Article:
OTTAWA — Canada’s telecom regulator has been asked to intervene in a battle between rival wireless carriers that is causing failed connections for hundreds of cellphone users, particularly in the North.
Telus Communications filed an application last week with the Canadian Radio−television and Telecommunications Commission, calling for a public review of what it considers excessive cellphone traffic directed toward Iristel Inc.
Telus accused Iristel of gaming the country’s telecom rules — at the expense of Telus — by redirecting calls to the North where it can charge much higher call interconnection rates than in the rest of the country.
The practice, known as "traffic stimulation," involves services such as call centre lines or call−to−listen services using a particular area code where long distance interconnection rates are higher.
In its briefing to the CRTC, Telus argues that the practice hurts carriers that offer unlimited long distance calling in Canada, because since they have to pay the higher connection rates to the 867 area code, which covers the North.
"Unless relief is granted, service providers facing costs for stimulated traffic will eventually have to reduce the value of their retail offerings as a way of containing costs," said the briefing.
It gave examples of businesses that connect to numbers in the North but that don’t actually offer services there, such as ride−hailing firm Lyft and Punjabi Radio USA. However, phone numbers associated with those firms were redacted from the publicly available briefing. Telus said some of the evidence it collected was provided to the CRTC in confidence.
It’s not the first time that such accusations have been levelled against Iristel.
The CRTC last year ordered the company to end specific third party, revenue sharing contracts after Rogers Communications complained that traffic to Iristel wireless numbers grew exponentially in 2016.
Phone interconnection rates, or tariff rates, are higher in the North because the infrastructure needed to make calls to isolated communities — such as the use of satellites — has been deemed more expensive than in more southern climes.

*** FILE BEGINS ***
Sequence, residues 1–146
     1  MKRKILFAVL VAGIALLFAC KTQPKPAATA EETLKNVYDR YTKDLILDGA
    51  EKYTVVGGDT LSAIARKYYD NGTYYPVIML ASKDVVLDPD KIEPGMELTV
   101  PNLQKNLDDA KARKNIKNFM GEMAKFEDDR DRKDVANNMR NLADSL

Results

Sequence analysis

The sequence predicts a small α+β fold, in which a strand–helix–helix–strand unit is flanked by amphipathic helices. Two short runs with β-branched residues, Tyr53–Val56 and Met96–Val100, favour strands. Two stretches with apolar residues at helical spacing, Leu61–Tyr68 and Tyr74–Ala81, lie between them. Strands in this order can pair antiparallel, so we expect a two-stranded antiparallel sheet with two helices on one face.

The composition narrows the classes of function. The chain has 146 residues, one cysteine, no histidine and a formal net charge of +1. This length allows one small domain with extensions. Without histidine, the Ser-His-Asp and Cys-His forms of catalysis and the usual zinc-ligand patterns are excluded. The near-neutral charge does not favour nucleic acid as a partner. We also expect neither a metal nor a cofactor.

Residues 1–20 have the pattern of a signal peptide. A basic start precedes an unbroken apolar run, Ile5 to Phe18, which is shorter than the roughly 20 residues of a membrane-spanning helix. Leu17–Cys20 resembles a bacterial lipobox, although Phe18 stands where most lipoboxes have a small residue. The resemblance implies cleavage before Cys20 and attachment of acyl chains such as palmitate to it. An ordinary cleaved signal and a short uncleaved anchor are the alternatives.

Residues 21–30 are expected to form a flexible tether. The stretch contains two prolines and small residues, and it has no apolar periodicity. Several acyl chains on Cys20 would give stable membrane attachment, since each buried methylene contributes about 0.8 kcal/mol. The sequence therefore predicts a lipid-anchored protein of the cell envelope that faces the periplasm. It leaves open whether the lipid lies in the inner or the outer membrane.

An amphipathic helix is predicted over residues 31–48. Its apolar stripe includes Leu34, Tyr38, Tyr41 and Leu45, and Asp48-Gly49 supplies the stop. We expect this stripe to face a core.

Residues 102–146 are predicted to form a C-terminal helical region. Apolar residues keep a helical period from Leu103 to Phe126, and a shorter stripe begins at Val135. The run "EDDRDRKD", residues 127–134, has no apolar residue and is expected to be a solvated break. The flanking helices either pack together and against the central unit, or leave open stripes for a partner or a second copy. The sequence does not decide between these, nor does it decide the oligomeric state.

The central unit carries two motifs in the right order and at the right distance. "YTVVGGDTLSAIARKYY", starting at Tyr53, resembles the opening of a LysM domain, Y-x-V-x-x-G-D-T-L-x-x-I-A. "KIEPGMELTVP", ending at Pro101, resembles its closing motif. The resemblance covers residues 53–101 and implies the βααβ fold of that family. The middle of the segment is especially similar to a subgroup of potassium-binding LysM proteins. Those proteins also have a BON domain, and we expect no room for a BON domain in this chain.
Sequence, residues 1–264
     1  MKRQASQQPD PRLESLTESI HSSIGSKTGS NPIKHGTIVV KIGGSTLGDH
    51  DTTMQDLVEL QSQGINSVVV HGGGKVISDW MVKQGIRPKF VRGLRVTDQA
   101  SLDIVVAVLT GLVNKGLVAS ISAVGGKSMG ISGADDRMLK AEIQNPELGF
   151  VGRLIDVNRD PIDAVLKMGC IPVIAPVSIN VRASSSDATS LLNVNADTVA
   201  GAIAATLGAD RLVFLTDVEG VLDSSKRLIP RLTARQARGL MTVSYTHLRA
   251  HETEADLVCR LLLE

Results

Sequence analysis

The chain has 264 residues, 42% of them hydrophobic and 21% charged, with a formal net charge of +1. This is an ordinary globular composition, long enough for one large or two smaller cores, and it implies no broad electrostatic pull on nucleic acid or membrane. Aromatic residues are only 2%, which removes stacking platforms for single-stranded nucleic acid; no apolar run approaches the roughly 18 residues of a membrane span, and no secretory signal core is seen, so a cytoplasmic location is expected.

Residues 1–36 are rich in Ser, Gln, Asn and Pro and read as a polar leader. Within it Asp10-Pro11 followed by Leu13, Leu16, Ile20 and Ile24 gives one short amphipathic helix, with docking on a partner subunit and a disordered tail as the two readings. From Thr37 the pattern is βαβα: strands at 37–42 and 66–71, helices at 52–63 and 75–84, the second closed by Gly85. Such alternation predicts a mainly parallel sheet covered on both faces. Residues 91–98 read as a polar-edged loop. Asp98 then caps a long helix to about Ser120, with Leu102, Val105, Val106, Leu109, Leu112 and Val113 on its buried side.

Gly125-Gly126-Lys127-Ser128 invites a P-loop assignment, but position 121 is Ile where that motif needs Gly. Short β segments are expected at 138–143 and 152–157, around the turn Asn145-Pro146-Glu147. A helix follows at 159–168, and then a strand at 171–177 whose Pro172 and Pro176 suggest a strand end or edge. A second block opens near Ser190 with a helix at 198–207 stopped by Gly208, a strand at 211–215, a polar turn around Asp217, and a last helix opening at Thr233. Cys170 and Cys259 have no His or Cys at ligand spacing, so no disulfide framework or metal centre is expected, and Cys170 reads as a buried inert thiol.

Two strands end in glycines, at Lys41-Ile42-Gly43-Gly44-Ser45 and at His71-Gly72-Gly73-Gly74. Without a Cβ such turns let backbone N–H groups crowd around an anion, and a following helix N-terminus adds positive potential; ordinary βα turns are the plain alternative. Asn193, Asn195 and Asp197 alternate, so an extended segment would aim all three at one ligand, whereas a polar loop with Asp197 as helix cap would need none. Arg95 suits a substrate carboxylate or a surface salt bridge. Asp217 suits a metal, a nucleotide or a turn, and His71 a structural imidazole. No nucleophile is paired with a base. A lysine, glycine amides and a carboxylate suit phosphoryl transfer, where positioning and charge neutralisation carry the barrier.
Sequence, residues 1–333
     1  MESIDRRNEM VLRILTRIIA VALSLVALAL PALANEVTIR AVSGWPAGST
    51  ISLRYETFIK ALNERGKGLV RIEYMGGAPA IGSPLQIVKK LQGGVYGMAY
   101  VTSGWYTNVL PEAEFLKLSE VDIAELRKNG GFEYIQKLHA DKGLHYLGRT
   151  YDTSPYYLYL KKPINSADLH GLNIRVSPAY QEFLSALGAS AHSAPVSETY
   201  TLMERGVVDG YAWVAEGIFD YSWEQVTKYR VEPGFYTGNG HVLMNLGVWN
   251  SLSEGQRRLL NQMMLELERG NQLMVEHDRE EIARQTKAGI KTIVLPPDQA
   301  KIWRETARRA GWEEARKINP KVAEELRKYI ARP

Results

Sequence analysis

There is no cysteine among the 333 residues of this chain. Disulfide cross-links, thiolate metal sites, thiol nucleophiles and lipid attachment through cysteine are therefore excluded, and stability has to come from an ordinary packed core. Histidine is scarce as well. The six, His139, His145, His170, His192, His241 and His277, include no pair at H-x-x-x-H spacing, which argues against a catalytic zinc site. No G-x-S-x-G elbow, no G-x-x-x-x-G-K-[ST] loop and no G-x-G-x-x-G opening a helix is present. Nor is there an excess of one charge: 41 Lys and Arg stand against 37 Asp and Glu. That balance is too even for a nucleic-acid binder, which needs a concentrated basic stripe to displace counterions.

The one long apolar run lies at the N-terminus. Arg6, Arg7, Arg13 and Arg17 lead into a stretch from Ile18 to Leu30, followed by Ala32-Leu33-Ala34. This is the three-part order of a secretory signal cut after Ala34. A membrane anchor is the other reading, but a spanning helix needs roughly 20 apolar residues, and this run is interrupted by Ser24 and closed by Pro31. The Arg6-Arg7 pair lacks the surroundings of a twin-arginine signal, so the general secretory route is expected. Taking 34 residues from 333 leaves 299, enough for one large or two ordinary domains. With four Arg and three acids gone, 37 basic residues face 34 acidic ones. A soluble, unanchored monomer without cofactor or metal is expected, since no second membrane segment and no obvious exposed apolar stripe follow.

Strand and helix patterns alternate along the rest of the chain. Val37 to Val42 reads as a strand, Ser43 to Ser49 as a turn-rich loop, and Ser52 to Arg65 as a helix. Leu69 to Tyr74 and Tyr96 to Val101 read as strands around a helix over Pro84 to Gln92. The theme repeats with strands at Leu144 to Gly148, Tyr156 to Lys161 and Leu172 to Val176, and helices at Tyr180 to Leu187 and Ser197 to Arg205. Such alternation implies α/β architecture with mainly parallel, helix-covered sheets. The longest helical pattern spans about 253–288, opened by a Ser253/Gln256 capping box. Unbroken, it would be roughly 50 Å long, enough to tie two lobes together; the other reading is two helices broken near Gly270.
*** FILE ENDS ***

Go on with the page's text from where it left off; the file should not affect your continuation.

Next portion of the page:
Rates across the territories were set years ago at 3.8 cents per minute, compared with a benchmark rate of less than half a cent per minute in most of southern Canada.
Iristel, which serves large portions of the Northwest Territories, Yukon and Nunavut through its affiliate Ice Wireless, denied the Telus claim, and countered by accusing Telus of placing an "illegal" stranglehold on wireless circuits that carry Telus phone traffic to Iristel numbers.
The result is that hundreds of wireless customers using Telus−activated or affiliated devices have complained of being unable to connect to Ice Wireless users, said Samer Bishay, president and CEO of Iristel.
"Canadians are kind of caught in the crossfire here because people on the Telus network, whether they’re up north or down south or anywhere, calling an Iristel number or an Ice Wireless number in Northern Canada are affected by this," Bishay said in an interview.
"They’re only allowing so many channels to pass through, which is completely illegal based on the Telecommunications Act."
Iristel has also sent evidence of its claim confidentially to the CRTC, including communications among technicians at Telus and Iristel, Bishay said, adding that he believes Telus is simply trying to reduce its exposure to costs associated with connecting to wireless devices in the north.
But the costs to Telus for their customers making such calls are minimal while there is no economic benefit for Iristel, Bishay said.
"We’re talking pennies, literally pennies, in the grand scheme of things," he said. "What (Telus is) doing is completely illegal and they’re holding Canadians hostage for ... a corporate dispute."
Telus denied any wrongdoing.
A company official said Telus was not squeezing its communications pipeline to prevent calls from reaching Iristel customers, but that it wasn’t expanding it to account for excessive use, either.
"We’ve provisioned our network to meet normal traffic flows," said the official, who would only speak on condition of anonymity.
"It’s not illegal to get a busy signal. If our trunks are busy, our trunks are busy."
A CRTC official said the regulator won’t comment as it reviews applications from both carriers.
— Follow @tpedwell on Twitter
Terry Pedwell, The Canadian Press